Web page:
Let's say you came for a vacation or tourist visit to the United States using the Visa Waiver Program (VWP), but ended up staying just a little longer then the 90 days authorized on the I-94 Arrival/Departure Record that Customs and Border Protection (CBP) prepared for you upon entry. You might be rightfully worried you won't be able to come back for another visit.
What will happen? There's good news and bad news.
The bad news: Because you stayed past the date authorized by the Department of Homeland Security, you will be ineligible for the Visa Waiver Program (VWP) and might have a more difficult time obtaining a visa to enter the United States in the future.
In preparing your visitor visa application, you will need to provide plenty of evidence to prove your "nonimmigrant intent" (that you intend to return home when your permitted stay is over) and that you can afford your trip to the U.S., such as an itinerary showing your return date, proof of your permanent job or residence in your home country, and financial documentation. To learn more about this, read Application Process for a B-1 or B-2 Visitor Visa.
You can also expect further questioning at the U.S. border because of this past immigration violation.
The good news? You will not be subject to a time bar on reentering the U.S., so long as your overstay did not last more than 180 days. Make sure that you have proof of your date of departure (passport stamp or plane ticket, for example) in order to prove that your brief overstay shouldn't trigger a time bar. For more information on how spending time in the U.S. without permission creates a lengthy period of inadmissibility, see Consequences of Unlawful Presence in the U.S.–Three- and Ten-Year Time Bars.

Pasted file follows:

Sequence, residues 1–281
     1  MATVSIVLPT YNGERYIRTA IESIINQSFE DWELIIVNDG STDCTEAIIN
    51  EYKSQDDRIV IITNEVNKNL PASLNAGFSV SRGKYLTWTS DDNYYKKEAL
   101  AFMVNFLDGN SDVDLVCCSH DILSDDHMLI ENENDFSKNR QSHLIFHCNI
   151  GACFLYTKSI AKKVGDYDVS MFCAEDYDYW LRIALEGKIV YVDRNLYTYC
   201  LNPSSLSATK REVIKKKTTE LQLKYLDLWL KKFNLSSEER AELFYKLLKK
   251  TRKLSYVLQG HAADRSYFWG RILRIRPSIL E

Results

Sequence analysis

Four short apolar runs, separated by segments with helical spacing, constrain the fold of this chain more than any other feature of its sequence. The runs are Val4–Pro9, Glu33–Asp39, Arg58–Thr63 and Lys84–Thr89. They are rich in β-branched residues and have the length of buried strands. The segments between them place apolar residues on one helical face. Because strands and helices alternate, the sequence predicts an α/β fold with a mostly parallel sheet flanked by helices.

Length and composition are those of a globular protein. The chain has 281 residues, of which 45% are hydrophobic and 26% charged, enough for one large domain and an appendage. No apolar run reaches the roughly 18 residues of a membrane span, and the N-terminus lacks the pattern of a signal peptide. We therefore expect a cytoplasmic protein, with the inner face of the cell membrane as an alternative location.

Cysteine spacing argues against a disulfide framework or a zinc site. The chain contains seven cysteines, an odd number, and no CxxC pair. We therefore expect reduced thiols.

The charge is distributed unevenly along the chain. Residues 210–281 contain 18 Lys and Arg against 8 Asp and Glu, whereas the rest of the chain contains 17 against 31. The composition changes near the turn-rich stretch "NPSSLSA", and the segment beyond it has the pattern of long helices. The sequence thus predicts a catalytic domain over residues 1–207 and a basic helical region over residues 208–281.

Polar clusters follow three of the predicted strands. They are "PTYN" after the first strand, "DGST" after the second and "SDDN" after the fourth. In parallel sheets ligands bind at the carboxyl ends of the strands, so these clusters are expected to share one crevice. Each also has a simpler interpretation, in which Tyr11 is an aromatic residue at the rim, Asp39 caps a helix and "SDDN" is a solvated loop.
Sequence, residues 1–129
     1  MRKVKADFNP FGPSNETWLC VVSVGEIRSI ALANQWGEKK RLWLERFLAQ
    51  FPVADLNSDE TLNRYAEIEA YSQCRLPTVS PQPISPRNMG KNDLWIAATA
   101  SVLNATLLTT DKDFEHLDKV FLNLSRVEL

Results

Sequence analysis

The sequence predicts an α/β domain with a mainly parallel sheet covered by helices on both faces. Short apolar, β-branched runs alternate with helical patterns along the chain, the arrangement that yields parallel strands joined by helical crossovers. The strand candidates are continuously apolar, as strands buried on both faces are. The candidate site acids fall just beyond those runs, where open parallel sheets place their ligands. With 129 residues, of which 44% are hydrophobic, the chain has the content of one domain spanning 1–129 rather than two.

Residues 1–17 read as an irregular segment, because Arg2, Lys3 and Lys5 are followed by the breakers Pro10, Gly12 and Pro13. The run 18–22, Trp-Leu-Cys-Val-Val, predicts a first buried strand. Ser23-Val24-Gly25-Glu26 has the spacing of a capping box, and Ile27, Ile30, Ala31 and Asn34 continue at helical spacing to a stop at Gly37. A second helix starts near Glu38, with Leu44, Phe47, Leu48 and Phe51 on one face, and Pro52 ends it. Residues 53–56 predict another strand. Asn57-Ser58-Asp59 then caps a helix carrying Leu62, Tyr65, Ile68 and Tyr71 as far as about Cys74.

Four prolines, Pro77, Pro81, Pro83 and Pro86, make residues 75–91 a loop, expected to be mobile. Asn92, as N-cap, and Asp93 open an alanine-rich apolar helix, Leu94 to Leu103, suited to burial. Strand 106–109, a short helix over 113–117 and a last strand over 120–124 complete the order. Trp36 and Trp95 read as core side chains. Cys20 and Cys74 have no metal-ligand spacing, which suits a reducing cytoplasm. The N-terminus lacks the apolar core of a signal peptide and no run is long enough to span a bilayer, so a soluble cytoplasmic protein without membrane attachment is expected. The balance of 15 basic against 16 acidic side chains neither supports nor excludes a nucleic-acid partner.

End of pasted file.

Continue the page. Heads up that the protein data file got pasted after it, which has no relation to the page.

People who travel to the U.S. on the VWP have less access to immigration relief than actual visa holders. For instance, there is no way to extend a U.S. visit on the VWP unless you encounter an emergency situation, such as a medical problem, that prevents you from leaving. If that happens, you can ask U.S. Citizenship and Immigration Services to grant a period of satisfactory departure of 30 days or less.
If you qualify based on persecution in your home country, you may also apply for asylum. See Who Can Visit the U.S. on the Visa Waiver Program (VWP) to learn more about your rights and obligations while on the VWP.